Grace Hartigan was born in Newark, New Jersey. In 1942 she began her artistic career as a draftsperson in Newark while studying art under Issac Lane Muse. After moving to New York in 1946, Hartigan became friendly with first generation abstract expressionists such as Pollock, de Kooning and Klein and also with poet Frank O’Hara. In 1950 her career was launched with her inclusion in the famous “New Talent” exhibition organized by Clement Greenberg and Meyer Schapiro at the Samuel Kootz Gallery.
Throughout the fifties Hartigan was featured in seven solo exhibitions at the Tibor de Nagy Gallery. She was also included in MoMA’s pivotal exhibition, “Twelve Americans” of 1956 and in the influential international show, “The New American Paintings” in 1958-59. During the mid-fifties she also appeared regularly in reviews and feature articles by the art magazines and newspapers including Life and Newsweek. Some of her masterpieces from this period include Persian Jacket, which impressed Alfred Barr –the first director of the Museum of Modern Art– and was acquired by MoMA. Her Grand Street Brides is now in the collection of the Whitney Museum.
Her achievements are not limited to her success as an artist in the New York School. In 1960 Hartigan moved to Baltimore and a few years later became Director of the Hoffberger Graduate School of Painting, at the Maryland Institute College of Art in 1967. Her later works have continued to plumb art history, visual culture, biography, and, in her Great Queens and Empresses series, history. She has shown her boldness with stylistic experimentation, at times employing dripped and splattered paint along with powerful, gestural lines. She is the recipient of numerous awards and honors including a Life Time Achievement Award, Neuberger Museum, 2002, Governors Award, Baltimore, Maryland, 2006 and Honorary Degrees from Goucher College, Lafayette College, Maryland Institute College of Art, Moore College of Art, Towson State University and Dickinson College.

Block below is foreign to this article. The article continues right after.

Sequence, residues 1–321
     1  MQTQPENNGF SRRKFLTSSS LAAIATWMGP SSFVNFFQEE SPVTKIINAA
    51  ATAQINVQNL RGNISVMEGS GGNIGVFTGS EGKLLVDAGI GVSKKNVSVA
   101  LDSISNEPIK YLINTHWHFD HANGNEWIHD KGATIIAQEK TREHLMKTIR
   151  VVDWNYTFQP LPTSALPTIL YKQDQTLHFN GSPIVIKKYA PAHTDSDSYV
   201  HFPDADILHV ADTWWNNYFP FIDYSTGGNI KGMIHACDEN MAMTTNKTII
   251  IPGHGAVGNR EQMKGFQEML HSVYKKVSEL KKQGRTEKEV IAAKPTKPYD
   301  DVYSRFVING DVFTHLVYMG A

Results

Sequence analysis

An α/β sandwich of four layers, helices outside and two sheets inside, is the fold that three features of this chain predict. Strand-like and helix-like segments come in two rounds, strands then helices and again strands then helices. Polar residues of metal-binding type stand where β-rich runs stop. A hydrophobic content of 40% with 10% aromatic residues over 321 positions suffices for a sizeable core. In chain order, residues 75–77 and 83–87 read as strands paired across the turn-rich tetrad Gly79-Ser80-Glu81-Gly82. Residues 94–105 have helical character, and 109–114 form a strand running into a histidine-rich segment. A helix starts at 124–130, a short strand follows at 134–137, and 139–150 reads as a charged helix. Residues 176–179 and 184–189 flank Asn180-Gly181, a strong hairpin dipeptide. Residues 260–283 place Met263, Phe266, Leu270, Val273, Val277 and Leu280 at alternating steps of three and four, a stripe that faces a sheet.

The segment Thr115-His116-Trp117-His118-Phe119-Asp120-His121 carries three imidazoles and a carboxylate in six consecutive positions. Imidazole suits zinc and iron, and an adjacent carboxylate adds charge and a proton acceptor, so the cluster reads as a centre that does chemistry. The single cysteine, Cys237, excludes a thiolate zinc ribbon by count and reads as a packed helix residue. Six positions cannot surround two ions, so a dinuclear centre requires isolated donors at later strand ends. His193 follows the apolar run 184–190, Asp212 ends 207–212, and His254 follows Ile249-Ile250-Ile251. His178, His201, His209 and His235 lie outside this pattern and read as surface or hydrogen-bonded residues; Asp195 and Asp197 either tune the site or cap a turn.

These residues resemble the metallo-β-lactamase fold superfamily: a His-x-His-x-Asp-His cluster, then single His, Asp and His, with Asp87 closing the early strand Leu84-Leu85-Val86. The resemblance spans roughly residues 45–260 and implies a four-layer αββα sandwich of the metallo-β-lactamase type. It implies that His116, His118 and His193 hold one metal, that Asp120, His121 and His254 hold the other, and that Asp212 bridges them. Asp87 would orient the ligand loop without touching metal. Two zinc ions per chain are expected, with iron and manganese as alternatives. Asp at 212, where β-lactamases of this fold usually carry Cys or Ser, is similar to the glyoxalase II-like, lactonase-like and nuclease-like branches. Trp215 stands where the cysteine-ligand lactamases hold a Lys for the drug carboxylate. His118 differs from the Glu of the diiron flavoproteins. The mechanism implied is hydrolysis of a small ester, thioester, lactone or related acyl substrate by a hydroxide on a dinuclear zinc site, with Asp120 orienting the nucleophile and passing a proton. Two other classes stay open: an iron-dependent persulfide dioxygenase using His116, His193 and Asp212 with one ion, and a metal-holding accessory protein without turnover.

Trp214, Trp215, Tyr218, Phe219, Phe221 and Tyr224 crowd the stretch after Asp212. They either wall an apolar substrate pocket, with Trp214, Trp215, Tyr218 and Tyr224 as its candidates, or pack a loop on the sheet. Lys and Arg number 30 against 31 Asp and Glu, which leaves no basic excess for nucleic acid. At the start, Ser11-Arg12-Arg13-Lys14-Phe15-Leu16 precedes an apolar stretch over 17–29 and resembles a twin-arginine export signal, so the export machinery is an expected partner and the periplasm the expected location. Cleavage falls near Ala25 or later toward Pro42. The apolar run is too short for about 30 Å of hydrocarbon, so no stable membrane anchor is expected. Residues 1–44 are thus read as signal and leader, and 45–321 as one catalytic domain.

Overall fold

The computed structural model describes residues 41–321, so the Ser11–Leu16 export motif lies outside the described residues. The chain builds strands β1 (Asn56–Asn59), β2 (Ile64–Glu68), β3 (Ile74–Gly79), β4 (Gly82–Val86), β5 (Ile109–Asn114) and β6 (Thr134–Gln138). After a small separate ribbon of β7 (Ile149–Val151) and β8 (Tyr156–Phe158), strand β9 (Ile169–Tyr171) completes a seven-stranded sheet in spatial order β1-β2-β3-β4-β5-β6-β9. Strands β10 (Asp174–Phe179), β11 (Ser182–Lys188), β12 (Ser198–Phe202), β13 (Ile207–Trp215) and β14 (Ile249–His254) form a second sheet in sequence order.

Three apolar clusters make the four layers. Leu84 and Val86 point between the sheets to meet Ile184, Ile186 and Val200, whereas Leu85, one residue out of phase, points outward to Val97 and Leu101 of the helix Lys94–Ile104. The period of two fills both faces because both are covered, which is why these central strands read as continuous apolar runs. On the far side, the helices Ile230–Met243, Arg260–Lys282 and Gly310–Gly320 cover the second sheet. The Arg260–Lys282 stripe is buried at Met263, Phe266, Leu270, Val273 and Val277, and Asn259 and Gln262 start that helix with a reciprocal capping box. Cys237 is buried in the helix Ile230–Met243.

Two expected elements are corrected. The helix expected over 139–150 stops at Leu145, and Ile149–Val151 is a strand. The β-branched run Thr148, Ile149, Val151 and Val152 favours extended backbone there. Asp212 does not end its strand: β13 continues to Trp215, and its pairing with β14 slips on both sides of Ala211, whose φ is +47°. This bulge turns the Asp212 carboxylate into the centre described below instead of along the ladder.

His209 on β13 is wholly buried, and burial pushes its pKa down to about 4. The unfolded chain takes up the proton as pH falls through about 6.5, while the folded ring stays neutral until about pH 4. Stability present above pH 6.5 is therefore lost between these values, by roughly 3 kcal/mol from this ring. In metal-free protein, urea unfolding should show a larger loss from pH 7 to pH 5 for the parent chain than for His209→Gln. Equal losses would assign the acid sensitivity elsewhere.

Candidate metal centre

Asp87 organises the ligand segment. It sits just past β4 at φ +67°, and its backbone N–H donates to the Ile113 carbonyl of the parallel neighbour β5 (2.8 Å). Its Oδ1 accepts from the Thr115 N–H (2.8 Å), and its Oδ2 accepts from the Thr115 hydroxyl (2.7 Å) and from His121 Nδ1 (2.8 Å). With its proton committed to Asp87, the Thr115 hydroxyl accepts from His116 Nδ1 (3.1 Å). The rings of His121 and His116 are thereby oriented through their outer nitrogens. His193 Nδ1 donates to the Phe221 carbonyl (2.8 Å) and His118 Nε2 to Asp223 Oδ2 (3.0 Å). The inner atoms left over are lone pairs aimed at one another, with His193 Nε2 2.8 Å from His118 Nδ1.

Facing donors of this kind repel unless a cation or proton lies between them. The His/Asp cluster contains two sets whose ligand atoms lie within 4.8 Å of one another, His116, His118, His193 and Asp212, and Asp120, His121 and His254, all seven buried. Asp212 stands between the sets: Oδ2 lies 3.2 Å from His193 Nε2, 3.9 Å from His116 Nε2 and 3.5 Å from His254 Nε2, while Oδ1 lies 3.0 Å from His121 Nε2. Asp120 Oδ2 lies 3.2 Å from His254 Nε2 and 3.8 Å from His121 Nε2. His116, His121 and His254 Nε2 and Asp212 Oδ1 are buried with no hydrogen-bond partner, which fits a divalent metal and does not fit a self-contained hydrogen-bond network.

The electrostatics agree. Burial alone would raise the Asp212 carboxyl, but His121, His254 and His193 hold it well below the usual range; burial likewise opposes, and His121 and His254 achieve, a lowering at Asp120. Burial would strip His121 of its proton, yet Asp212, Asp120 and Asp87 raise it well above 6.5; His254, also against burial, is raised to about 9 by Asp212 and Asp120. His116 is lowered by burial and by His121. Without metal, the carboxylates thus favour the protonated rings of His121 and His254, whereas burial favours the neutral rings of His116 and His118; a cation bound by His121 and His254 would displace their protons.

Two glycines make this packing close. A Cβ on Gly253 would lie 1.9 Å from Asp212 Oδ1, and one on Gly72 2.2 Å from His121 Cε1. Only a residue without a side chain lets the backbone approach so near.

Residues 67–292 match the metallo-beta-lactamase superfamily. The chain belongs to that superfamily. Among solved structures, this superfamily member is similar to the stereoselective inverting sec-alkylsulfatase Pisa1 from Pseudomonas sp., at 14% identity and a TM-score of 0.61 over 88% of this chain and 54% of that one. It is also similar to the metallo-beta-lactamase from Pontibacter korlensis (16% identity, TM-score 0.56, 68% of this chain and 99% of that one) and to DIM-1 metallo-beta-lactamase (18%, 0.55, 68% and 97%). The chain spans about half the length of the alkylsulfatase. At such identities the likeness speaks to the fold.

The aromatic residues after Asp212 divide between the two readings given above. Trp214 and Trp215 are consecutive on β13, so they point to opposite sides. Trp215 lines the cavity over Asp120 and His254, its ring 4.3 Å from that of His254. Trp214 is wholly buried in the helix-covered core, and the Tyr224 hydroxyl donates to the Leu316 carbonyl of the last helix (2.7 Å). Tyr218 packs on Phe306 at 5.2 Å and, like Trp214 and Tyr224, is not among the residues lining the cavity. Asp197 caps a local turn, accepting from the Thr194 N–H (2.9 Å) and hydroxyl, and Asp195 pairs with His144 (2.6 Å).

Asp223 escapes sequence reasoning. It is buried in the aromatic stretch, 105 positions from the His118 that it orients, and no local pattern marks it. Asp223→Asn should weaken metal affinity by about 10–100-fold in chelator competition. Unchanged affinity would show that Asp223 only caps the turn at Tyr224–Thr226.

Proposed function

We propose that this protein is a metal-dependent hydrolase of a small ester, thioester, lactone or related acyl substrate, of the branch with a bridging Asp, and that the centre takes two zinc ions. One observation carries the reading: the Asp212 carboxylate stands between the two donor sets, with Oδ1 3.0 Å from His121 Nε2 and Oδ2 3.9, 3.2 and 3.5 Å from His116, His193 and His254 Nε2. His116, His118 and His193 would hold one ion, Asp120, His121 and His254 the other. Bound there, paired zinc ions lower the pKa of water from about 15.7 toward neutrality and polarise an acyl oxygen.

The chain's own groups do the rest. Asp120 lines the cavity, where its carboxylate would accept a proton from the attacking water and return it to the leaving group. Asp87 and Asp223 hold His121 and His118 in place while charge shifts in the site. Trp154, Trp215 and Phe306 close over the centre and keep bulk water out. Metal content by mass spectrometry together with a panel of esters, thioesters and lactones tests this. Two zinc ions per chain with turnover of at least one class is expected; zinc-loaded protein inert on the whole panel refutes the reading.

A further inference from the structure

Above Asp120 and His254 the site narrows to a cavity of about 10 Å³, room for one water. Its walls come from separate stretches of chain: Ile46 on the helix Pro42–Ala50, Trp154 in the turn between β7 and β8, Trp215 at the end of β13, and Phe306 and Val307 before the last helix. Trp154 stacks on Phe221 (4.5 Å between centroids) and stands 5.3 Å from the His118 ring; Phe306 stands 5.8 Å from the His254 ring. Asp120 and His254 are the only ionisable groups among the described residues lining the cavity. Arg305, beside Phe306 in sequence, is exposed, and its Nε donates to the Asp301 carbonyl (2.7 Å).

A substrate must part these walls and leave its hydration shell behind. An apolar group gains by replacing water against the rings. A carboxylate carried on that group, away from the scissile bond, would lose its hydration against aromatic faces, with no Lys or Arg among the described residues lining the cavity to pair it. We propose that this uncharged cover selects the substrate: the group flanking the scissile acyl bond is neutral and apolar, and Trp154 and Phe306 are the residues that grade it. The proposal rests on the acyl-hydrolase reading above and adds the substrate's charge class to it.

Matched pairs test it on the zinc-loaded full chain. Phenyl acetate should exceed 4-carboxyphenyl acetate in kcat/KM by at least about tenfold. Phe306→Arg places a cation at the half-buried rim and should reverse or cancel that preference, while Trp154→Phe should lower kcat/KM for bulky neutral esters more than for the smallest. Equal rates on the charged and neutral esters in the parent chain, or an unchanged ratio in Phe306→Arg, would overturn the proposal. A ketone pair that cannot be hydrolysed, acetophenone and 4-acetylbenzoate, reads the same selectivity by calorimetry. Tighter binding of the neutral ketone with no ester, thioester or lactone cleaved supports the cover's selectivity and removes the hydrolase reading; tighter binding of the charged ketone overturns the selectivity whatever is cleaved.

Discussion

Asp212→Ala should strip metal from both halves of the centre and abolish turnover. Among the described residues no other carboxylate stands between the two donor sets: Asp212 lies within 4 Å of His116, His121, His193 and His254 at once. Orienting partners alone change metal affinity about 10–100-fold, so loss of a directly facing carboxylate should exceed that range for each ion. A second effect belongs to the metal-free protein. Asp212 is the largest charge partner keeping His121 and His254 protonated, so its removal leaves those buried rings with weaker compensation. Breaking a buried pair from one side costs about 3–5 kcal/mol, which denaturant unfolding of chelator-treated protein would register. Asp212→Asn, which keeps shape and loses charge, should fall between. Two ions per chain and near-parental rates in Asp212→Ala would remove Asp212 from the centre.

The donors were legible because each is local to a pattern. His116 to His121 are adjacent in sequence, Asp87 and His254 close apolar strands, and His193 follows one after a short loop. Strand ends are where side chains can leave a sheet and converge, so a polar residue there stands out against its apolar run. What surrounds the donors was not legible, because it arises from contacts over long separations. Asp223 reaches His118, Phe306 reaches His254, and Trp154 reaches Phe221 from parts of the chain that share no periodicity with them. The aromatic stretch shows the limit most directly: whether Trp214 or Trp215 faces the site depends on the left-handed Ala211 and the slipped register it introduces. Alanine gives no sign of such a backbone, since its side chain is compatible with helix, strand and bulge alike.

A member of the New York School during the 1950s, she has made important contributions to the development of American painting throughout her long career. Her rich style, with its dynamic lines and sumptuous colors fuses figuration and abstraction and often draws on elements of popular culture and art history.